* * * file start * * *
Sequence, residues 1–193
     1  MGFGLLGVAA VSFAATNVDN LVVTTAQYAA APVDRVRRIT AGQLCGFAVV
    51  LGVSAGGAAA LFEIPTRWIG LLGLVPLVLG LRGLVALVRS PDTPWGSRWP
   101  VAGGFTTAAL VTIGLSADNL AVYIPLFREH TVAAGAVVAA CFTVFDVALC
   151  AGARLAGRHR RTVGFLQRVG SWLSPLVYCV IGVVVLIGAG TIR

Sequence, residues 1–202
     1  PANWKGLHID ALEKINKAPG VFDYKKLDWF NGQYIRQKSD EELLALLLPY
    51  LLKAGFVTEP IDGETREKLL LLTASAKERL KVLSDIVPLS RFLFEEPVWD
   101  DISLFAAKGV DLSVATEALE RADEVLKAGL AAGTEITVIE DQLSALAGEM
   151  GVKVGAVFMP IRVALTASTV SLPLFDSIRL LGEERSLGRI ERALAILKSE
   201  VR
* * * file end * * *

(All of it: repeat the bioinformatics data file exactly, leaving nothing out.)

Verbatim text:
Sequence, residues 1–193
     1  MGFGLLGVAA VSFAATNVDN LVVTTAQYAA APVDRVRRIT AGQLCGFAVV
    51  LGVSAGGAAA LFEIPTRWIG LLGLVPLVLG LRGLVALVRS PDTPWGSRWP
   101  VAGGFTTAAL VTIGLSADNL AVYIPLFREH TVAAGAVVAA CFTVFDVALC
   151  AGARLAGRHR RTVGFLQRVG SWLSPLVYCV IGVVVLIGAG TIR

Sequence, residues 1–202
     1  PANWKGLHID ALEKINKAPG VFDYKKLDWF NGQYIRQKSD EELLALLLPY
    51  LLKAGFVTEP IDGETREKLL LLTASAKERL KVLSDIVPLS RFLFEEPVWD
   101  DISLFAAKGV DLSVATEALE RADEVLKAGL AAGTEITVIE DQLSALAGEM
   151  GVKVGAVFMP IRVALTASTV SLPLFDSIRL LGEERSLGRI ERALAILKSE
   201  VR